‘Time is running out’: US, Germany intensify climate change fight | Climate Crisis News

The agreement will see the two countries develop and deploy technologies to accelerate the clean energy transition, particularly in the areas of offshore wind power, zero-emission vehicles and hydrogen.

The United States and Germany have signed an agreement to deepen cooperation in switching from fossil fuels to renewable energy in an effort to control climate change.

Friday’s deal will see the two countries work together to develop and deploy technologies that will accelerate that clean energy transition, particularly in the areas of offshore wind power, zero-emission vehicles and hydrogen.

The US and Germany pledged to also collaborate in promoting ambitious climate policies and energy security around the world.

US climate envoy John Kerry said the two countries aim to benefit from an early shift to clean energy through the creation of new jobs and opportunities for businesses in the growing renewable energy market.

Such a market relies on a common standard regarding hydrogen which can be classified as “green”, for example. Officials will now work to reach a common definition to ensure hydrogen produced on one side of the Atlantic can be sold on the other.

Robert Habeck, Germany’s minister of energy and climate, said the agreement reflected the urgency of tackling global warming. Scientists say sharp emission reductions will need to occur worldwide this decade if the goals set out in the 2015 Paris climate accord are to be met.

“Time is really running out,” said Habeck, calling climate change a “challenge of our political generation.”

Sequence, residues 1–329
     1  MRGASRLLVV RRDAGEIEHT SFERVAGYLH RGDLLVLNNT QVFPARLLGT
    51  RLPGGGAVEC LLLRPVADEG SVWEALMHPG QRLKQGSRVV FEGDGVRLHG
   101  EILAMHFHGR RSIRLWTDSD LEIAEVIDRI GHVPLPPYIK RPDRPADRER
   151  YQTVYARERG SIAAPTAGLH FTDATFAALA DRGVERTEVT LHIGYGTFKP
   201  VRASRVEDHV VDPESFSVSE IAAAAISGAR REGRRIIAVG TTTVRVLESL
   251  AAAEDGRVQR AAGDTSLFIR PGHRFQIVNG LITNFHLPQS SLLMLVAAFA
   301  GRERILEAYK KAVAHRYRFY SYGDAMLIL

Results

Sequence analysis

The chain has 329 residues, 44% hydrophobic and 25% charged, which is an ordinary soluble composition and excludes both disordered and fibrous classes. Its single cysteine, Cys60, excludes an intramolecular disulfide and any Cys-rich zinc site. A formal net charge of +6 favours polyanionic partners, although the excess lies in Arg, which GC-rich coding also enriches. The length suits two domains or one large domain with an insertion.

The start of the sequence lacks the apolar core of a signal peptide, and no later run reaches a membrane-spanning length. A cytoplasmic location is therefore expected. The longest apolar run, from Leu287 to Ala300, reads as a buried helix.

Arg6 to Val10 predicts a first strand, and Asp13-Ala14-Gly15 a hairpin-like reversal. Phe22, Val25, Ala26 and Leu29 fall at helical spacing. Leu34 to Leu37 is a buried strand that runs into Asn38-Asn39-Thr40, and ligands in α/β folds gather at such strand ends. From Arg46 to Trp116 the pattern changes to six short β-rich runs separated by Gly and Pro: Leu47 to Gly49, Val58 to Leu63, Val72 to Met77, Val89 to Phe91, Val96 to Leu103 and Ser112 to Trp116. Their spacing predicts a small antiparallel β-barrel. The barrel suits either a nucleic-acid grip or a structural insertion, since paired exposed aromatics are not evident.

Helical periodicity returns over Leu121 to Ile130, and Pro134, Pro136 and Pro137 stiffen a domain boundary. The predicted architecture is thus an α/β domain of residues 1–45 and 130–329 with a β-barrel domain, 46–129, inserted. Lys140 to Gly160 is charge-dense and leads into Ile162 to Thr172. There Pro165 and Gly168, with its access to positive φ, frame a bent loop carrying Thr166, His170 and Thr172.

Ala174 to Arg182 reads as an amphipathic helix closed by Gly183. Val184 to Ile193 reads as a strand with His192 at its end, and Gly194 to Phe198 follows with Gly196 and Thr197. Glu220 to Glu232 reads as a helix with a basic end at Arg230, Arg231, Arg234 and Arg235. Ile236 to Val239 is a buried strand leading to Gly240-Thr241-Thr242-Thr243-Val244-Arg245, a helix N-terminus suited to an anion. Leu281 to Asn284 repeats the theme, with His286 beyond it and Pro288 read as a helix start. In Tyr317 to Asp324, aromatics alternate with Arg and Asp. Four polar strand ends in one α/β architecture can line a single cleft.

‘A very concrete declaration’

The US-Germany agreement was signed on the sidelines of a meeting of energy and climate ministers from the Group of Seven (G7) rich nations.

The group is expected to announce a series of new commitments on Friday to tackle climate change, including a joint target to phase out the burning of coal for electricity and increase financial support to poor countries affected by global warming.

Coal is a highly polluting fossil fuel that is responsible for one-fifth of human-caused global greenhouse gas emissions.

“There are very concrete declarations and agreements for the expansion of renewable energy, but also, for example, the cessation of the use of coal,” German Environment Minister Steffi Lemke said Friday.

G7 members Britain, France and Italy have set deadlines to stop burning coal for electricity within the next few years. Germany and Canada target 2030; Japan wanted more time; while the Biden administration has set a target to end the use of fossil fuels for electricity generation in the United States by 2035.

Setting the same deadline would put pressure on other major polluters to follow and build on the compromise agreement reached at last year’s UN climate summit, in which countries committed only to “gradually reduce” rather than “eliminate” coal – with no fixed date.

Pressure on rich countries

Habeck said the issue could be brought to a summit of G7 leaders in Elmau, Germany, next month and then to a meeting later this year of the Group of 20 leading and developing economies, which are responsible for 80 percent of global emissions.

Getting all G20 countries to sign on to ambitious targets set by some of the most developed economies will be key as countries such as China, India and Indonesia remain heavily reliant on coal.

There is also pressure for rich countries to increase their financial assistance to poor countries ahead of this year’s UN climate meeting in Egypt.

In particular, developing countries want clear commitments that they will receive funds to address the losses and damages suffered by climate change.

Rich countries have rejected the idea for fear of being held responsible for the costly catastrophe caused by global warming.

The meeting in Berlin will also seek to reach an agreement on the gradual elimination of combustion engine vehicles, increase funding for biodiversity programs, protect the oceans and reduce plastic pollution.

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